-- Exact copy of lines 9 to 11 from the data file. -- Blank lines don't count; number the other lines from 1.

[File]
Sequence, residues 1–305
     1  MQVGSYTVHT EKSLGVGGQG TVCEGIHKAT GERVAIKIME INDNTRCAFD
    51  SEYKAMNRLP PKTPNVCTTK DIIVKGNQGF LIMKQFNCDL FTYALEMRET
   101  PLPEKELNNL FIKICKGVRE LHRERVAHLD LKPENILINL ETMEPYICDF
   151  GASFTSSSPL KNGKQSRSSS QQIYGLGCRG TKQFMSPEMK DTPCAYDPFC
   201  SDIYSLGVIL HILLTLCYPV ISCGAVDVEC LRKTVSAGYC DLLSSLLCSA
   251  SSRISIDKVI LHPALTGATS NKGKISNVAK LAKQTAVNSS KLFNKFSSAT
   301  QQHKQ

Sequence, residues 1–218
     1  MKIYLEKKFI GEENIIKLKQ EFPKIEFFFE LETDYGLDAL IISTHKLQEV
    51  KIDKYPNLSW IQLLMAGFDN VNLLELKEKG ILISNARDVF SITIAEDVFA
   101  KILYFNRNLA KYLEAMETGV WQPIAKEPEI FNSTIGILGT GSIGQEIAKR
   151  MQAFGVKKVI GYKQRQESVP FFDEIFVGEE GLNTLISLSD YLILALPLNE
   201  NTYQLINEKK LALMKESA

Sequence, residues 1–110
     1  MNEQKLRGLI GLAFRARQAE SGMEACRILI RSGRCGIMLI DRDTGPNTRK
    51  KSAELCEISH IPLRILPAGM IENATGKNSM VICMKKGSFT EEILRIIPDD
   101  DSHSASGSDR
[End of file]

Sequence, residues 1–218
     1  MKIYLEKKFI GEENIIKLKQ EFPKIEFFFE LETDYGLDAL IISTHKLQEV
    51  KIDKYPNLSW IQLLMAGFDN VNLLELKEKG ILISNARDVF SITIAEDVFA